Forum for Science, Industry and Business

Sponsored by:     3M 
Search our Site:

 

Pushmi-pullyu of B-Cell Development Discovered

26.06.2009
Although every cell in the body carries the genes necessary to function as an antibody-producing B cell, only a small proportion of stem cells mature into those important immune-system cells.

James Hagman, PhD, Professor of Immunology at National Jewish Health and his colleagues have identified two "molecular motors" that work in opposing directions to control the development of B cells. They published their findings June 19 in the online version of The Proceedings of the National Academy of Sciences USA.

"We found that these two ‘chromatin remodeling complexes' work in a sort of pushmi-pullyu manner to induce or retard epigenetic changes that allow for the development of a B cell," said Hagman. The pushmi-pullyu was a fictional animal in the Dr. Doolittle stories that had a head at opposite ends of its body, each pulling in a different direction. "The complexes help control both the unspooling of DNA to make genes accessible and the demethylation of DNA that removes silencing markers."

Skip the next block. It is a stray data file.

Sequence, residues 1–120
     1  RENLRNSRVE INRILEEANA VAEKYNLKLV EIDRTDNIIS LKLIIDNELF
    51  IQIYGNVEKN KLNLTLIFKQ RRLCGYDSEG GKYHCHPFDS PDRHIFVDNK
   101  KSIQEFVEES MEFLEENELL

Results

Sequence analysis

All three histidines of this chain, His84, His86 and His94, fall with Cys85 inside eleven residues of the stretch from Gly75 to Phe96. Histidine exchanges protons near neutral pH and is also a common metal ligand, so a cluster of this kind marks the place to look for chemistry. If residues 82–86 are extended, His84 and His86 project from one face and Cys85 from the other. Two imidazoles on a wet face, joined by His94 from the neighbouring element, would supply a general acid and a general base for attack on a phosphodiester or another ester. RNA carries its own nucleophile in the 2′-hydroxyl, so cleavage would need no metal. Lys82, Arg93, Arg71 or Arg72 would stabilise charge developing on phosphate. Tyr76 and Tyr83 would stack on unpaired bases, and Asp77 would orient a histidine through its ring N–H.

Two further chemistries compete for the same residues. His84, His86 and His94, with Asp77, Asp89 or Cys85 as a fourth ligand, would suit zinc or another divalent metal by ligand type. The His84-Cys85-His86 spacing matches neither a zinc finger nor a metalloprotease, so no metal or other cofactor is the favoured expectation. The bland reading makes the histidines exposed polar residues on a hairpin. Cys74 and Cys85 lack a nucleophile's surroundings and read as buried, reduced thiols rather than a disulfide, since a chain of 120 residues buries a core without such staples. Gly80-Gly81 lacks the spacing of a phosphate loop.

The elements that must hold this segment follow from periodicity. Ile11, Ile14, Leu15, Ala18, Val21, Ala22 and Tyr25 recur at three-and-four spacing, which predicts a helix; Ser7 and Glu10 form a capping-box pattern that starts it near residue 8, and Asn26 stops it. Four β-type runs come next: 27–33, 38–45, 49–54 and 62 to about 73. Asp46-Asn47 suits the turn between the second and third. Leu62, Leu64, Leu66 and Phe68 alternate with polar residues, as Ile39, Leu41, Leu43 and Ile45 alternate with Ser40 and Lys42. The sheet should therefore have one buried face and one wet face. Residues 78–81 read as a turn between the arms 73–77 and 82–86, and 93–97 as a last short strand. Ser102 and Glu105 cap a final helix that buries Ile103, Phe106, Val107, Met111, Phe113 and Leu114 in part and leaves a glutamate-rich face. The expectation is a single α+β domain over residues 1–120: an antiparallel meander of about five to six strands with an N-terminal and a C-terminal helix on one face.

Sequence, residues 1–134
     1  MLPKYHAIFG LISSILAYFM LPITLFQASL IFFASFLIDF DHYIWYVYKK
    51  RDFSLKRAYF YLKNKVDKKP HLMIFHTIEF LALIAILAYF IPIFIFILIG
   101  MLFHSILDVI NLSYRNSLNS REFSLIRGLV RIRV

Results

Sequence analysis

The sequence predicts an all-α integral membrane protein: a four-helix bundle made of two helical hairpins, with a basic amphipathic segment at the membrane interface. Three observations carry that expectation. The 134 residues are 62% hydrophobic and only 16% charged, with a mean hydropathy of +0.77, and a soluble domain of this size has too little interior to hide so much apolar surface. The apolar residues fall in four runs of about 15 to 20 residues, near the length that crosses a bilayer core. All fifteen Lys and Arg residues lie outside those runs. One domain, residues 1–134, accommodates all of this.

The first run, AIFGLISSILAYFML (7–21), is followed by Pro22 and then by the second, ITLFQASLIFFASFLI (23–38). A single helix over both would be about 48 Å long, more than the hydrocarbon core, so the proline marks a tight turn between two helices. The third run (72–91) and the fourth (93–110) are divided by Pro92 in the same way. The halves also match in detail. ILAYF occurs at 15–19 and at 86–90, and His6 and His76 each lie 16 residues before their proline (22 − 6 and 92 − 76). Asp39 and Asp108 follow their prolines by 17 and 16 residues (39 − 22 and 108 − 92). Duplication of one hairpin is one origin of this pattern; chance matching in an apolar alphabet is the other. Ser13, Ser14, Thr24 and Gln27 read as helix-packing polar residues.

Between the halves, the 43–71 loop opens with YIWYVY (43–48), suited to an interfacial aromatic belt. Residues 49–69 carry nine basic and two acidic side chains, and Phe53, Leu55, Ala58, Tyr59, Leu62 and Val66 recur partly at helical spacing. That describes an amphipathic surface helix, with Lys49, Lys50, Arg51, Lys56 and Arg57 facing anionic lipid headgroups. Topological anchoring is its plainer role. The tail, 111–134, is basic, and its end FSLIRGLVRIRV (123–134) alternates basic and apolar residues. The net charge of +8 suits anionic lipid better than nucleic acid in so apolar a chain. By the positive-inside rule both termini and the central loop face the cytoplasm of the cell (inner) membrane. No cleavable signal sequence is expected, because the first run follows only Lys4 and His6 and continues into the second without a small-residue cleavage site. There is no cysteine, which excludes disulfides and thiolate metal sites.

Although DNA in every cell contains the genes necessary to become B cells, two factors help keep them silent. One is the fact that the two meters of DNA inside a tiny cell nucleus is wrapped around millions of tiny spools, linked together like a string of pearls, which help keep the hereditary molecule from becoming irretrievably tangled. When wrapped tightly around these spools, individual genes are inaccessible to the molecules that bind and activate them. Second, many of the genes have small methyl groups, a carbon and three hydrogen atoms (CH3), on their DNA in specific places, which also prevent them from being activated. These factors are considered epigenetic states, modifications to existing DNA that control their activation or silencing.

Dr. Hagman and his colleagues previously identified a protein, known as Early B-cell Factor or EBF, which they dubbed a ‘pioneer factor.' By altering the epigenetic state of several genes, it is estimated that EBF can turn on hundreds of genes necessary for B-cell development. The researchers did not know, however, how EBF controlled those epigenetic factors.